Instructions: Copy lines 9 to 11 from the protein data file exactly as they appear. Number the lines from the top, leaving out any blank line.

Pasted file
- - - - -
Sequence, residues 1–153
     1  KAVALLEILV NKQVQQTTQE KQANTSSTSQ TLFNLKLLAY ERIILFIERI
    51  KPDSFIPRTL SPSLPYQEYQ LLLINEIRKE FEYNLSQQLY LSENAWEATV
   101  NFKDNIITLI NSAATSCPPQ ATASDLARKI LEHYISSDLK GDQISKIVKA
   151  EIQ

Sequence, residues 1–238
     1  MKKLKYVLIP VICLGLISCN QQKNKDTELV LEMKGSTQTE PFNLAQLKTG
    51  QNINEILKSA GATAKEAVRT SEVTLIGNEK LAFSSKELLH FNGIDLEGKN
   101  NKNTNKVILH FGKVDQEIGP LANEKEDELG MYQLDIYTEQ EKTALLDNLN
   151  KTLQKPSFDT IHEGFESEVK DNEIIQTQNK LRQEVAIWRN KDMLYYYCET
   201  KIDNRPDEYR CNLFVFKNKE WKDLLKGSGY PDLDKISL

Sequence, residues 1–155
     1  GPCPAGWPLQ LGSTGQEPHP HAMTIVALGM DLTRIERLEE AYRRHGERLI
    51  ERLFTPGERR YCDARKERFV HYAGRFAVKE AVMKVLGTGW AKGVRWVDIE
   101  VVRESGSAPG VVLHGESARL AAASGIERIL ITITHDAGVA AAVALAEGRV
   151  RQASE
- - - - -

   101  NKNTNKVILH FGKVDQEIGP LANEKEDELG MYQLDIYTEQ EKTALLDNLN
   151  KTLQKPSFDT IHEGFESEVK DNEIIQTQNK LRQEVAIWRN KDMLYYYCET
   201  KIDNRPDEYR CNLFVFKNKE WKDLLKGSGY PDLDKISL